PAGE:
By David Proegler
Sept. 15, 2011
Smartphones and tablets represent the biggest evolution in computing since the emergence of the Internet. The number of units sold, the growth of smartphones overall and the emergence of the tablet market segment that didn’t exist in any significant numbers as recently as 18 months ago are staggering. What it has done to impact the expectations and capabilities of the standard corporate worker has tremendous significance to companies as they look to forge a mobile vision and plan.
The world is becoming more connected every day. Consumers - your employees, business partners and vendors - are moving to mobile devices at a breakneck pace. To establish some perspective, consider that PC Desktops passed the 100 million unit mark in the mid-90’s, cell phones eclipsed 1 billion unit mark in 2002 and Internet users reached the same plateau in 2005. It is expected that smartphones and tablets will reach 10 billion units in the next 5 years, creating the same spark that the launch of Windows 3.0 had for PC sales, and the Netscape Browser did for Internet usage These devices represent a profound opportunity for organizations to rethink and impact change like never before. But making this leap requires some understanding of what this platform can do.
The biggest impact these devices have is on user expectations. We no longer have to wait to check email, read news, check the market or box scores. We merely flip open our smart device and get the information we desire. We have compressed the amount time from the “Point of Inspiration” to the “Point of Realization.” While most changes have come in the business-to-consumer (B2C) space, we have the same opportunities in the business-to-business (B2B) world. It is critical for organizations to evaluate its processes and identify where this burgeoning platform can change their business. There are three areas that I will highlight for your consideration but the opportunities are potentially endless when you consider the reach and capabilities these devices provide.
Reaching New Populations of Workers
It is common for retailers and manufacturers to not provide significant Internet access to their primary working populations. The first reason given is workers in these groups are supposed to be selling or making products and providing computing resources is a distraction from their primary mission. The second reason given is it is impractical to equip these employee populations with computing devices and access. With nearly 40 percent of the work force now owning a smart device, these populations now are easier to serve. The development of mobile-based employee portals that provision key capabilities, give quick access to information and automate otherwise manual processes are now possible and increasingly more common. Companies can control what the employee can do and employees will have access to systems at the Point of Inspiration, whether they want to submit a vacation request, view the latest product training or see the last quarterly report.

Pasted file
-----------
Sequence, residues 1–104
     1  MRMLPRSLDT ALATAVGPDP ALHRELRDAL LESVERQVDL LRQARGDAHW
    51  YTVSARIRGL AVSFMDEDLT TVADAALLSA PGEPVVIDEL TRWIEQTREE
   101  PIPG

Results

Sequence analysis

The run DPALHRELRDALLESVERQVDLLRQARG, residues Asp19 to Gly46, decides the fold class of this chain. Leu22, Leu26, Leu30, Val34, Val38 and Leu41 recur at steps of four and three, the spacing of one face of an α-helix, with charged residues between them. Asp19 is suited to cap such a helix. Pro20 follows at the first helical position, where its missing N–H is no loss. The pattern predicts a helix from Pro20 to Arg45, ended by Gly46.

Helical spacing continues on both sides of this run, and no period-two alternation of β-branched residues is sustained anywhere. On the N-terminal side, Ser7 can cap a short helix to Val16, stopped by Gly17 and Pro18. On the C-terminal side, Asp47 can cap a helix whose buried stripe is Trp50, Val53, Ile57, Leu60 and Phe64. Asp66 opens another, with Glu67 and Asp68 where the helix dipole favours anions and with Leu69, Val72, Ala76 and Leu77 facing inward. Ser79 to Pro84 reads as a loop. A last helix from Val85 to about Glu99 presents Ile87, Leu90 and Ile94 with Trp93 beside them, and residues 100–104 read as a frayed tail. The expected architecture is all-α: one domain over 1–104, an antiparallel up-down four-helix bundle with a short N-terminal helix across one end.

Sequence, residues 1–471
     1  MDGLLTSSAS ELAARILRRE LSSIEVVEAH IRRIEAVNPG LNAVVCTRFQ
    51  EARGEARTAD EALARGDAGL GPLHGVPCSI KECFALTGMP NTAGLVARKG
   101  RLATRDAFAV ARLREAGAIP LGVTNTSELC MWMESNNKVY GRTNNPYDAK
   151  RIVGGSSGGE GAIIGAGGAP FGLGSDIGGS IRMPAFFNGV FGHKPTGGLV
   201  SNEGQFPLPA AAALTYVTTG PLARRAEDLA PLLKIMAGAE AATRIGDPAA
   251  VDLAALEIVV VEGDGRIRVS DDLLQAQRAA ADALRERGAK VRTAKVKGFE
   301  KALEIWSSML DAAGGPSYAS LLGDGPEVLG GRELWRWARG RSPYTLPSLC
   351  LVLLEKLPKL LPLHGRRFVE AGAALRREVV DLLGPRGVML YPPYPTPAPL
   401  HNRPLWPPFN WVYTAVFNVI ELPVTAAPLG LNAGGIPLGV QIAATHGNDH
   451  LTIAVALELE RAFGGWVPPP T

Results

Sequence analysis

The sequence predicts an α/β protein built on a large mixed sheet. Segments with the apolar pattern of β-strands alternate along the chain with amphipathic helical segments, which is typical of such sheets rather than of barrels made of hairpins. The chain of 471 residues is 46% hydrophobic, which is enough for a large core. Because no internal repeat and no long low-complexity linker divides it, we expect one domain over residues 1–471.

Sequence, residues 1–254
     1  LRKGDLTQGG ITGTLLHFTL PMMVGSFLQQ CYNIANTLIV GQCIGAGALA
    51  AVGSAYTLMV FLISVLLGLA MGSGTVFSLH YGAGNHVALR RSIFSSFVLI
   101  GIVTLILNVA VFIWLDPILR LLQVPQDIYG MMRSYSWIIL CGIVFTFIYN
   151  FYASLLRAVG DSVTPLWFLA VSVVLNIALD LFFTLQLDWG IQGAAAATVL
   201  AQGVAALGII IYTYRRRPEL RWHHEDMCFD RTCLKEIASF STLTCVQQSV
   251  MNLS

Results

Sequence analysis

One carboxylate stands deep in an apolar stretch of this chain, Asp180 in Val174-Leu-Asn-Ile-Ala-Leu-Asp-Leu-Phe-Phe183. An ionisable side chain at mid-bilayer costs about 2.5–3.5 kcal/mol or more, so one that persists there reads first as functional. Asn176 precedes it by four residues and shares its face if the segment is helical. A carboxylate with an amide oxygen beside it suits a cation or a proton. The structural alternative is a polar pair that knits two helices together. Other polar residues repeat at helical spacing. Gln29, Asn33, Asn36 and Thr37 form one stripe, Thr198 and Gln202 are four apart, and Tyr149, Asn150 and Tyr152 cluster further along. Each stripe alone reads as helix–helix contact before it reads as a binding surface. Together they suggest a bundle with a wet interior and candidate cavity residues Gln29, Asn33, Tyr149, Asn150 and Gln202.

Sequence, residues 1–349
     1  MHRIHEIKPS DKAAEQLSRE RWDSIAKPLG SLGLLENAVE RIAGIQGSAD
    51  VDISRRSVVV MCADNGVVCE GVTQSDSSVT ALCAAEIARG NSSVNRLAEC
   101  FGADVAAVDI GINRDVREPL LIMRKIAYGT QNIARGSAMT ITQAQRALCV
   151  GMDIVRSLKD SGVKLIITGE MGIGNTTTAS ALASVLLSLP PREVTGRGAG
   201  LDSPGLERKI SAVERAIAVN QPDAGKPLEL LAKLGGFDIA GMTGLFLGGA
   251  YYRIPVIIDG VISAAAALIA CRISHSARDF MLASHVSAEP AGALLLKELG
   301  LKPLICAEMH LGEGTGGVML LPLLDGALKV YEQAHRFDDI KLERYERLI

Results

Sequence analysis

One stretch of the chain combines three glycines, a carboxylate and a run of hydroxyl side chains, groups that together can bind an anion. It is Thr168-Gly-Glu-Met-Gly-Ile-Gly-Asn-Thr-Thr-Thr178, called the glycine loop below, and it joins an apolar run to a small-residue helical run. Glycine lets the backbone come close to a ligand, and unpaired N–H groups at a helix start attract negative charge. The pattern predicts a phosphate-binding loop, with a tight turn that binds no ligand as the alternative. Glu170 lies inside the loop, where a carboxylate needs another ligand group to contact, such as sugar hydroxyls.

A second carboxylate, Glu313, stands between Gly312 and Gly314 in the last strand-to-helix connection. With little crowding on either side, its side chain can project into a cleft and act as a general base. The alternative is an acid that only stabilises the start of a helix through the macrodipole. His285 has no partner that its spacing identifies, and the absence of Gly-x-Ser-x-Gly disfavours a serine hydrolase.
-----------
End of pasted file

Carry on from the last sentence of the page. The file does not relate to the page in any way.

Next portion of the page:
Changing the Business Process
Smart devices allow organizations to rethink traditional business processes by leveraging device capabilities - such as cameras and GEO location - to build applications that break with tradition allowing for more engaging and interactive transactions. For example using a smart device camera, a field service technician can scan a barcode and get all the related information about a piece of equipment. Using GEO Location a sales person can tell a perspective buyer what inventory is available locally. Also by using the integrated operations of the device, the exchange of information between a sales person and customer can be seamless when it’s built into the process.
Decreasing Lag Time
Business processes, be it sales, service, manufacturing or other, are transaction based; shortening the time to complete that transaction as well as freeing someone up to perform that transaction from anywhere is at the core of what smart devices can provide. From field service personnel looking at schematics, to sales people checking inventory to help-desk supervisors monitoring performance and responding to escalated issues, companies can look now improve the overall responsiveness of the organization by rethinking critical business processes and enabling access to information that reduces the lag time between the Point of Inspiration and the Point of Realization.
In all cases the ability for an organization to make these changes is based on the fact that nearly 40 percent of its employee population has a smart device; using that access is a competitive advantage for your company and reducing the lag time from inspiration to realization will have a significant impact overall. Mobile device usage will continue to grow. How you choose to address this growth from a business-to-business perspective is important. Understanding what applications will have impact, where you fall on the mobile readiness spectrum and determining what your technology approach will be are topics for future discussion. For now, mobile computing is here. 56 percent of senior executives say that their mobile device is their primary B2B communications tool. If they are using them then your employees are too, and you need to be ready.
David Proegler is the Consulting Practice Manager at Latitude Consulting Group. He manages all of its IT and Business Process consulting initiatives. Their primary focus is on the automotive and OEM sector with an emphasis on process and channel optimization. He has 20 years of experience in delivering IT and business management consulting services to Fortune 500 clients. He can be reached at [email protected].